Social justice for me but not for thee?

Don’t you love it how North American CEOs like to lecture us about privacy, gay rights, or “social justice” while at the same time they are doing business in China. (Apple, Disney, the NBA, and Nike immediately come to mind.) Now, check out this academic job posting for a two-year “Vulnerability and the Human Condition Initiative Fellowship at Emory University.” Among other things, that job post tells us that vulnerability theory is about “decentering the individual and focusing attention on the law’s construction and maintenance of the social structures and relationships in which we all live our day-to-day lives.” (You cannot make this shit up!) How ironic, however, that an academic institution devoted to “vulnerability theory” and to “decentering the individual” itself replicates the existing feudal hierarchies of academia, or to quote an anonymous critic of the job post, notice how issues of social justice in academia are “never addressed self-referentially by high-income individuals with relative job security in legal academia, with respect to the relation of their own relative positions in society with those they employ in ‘lesser’ roles, e.g. VAPs, Fellows, Adjuncts, Lecturers, [legal writing] instructors, Clinical Instructors, Professors of Practice, and so on.” Touche’.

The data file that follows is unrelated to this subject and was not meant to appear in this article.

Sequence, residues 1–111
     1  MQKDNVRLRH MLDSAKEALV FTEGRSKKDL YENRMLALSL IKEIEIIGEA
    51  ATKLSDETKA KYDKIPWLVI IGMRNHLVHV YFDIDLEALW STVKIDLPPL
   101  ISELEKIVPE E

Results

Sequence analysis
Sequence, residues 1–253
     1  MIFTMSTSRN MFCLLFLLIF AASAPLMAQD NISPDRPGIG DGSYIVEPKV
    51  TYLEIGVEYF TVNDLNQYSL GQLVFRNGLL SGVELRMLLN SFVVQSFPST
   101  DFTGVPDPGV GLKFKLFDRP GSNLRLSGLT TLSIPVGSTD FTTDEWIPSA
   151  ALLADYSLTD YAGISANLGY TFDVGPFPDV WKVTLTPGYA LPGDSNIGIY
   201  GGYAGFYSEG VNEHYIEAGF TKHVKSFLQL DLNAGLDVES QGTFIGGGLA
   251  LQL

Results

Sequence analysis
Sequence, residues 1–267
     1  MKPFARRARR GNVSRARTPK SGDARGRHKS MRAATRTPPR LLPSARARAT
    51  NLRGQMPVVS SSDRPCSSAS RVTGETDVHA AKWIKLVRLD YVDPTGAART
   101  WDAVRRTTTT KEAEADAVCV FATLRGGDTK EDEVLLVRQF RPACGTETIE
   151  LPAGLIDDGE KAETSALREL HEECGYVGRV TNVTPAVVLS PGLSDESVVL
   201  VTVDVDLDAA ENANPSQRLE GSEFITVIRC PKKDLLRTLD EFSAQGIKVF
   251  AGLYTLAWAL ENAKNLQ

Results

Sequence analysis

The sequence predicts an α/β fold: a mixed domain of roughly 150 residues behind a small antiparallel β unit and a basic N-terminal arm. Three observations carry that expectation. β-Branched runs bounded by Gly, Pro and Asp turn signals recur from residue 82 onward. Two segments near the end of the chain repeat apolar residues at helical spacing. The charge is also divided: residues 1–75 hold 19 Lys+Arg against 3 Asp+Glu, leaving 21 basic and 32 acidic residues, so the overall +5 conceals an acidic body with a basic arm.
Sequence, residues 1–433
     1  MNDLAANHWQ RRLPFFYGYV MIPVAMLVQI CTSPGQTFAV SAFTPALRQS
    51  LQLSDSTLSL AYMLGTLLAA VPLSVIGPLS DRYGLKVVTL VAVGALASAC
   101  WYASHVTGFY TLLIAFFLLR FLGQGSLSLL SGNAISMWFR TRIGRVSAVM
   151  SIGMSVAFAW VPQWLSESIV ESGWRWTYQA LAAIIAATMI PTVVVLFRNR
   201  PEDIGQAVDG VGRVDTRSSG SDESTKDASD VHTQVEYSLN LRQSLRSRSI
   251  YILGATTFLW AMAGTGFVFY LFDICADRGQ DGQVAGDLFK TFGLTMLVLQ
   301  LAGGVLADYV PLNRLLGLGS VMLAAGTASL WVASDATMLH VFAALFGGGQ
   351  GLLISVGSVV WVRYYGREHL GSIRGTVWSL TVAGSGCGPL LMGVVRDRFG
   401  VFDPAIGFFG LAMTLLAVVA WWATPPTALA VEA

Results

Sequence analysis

About F. E. Guerra-Pujol

When I’m not blogging, I am a business law professor at the University of Central Florida.
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5 Responses to Social justice for me but not for thee?

  1. ESG is the new craze in corporate rent seeking. Putting on the facade of being socially responsible is an excellent ruse.

    Personally, cut all the disingenuous nonsense and just conduct business as you usual (subtracting the lobbying, bribery, and regulatory capture). Just about every one in the US buys Chinese goods due to their comparative advantage in manufacturing. Hell, but when I use to work in logistics ( for a now defunct Korean ocean carrier and then for a small freight forwarding company) most the freight was coming from China. The trans-pacific corridor was (still big business) for US imports; its just a part of doing business in the modern supply chain.

    However, it is scummy to pretend like you distancing yourself from this reality through virtue signaling. I sincerely hope most consumers are too intelligent to take the bait and not be swayed by “woke advertising”.

    • It’s like all this talk of “stakeholders” and “corporate social responsibility” — but take a look at any board of directors of any Fortune 500 company, and you won’t find a single employee stakeholder or community stakeholder on any of those boards

  2. Bryant Poythress says:

    Link seems incorrect

  3. $60k a year to research the “distorting effects of current conceptions of “liberty” and “equality” on the ways we understand and order essential social institutions.”

    Also, below is a quotation from the mission statement page (https://web.gs.emory.edu/vulnerability/about/index.html) :

    “The Initiative offers the “vulnerable legal subject” to displace the liberal legal subject that currently dominates law and policy.”

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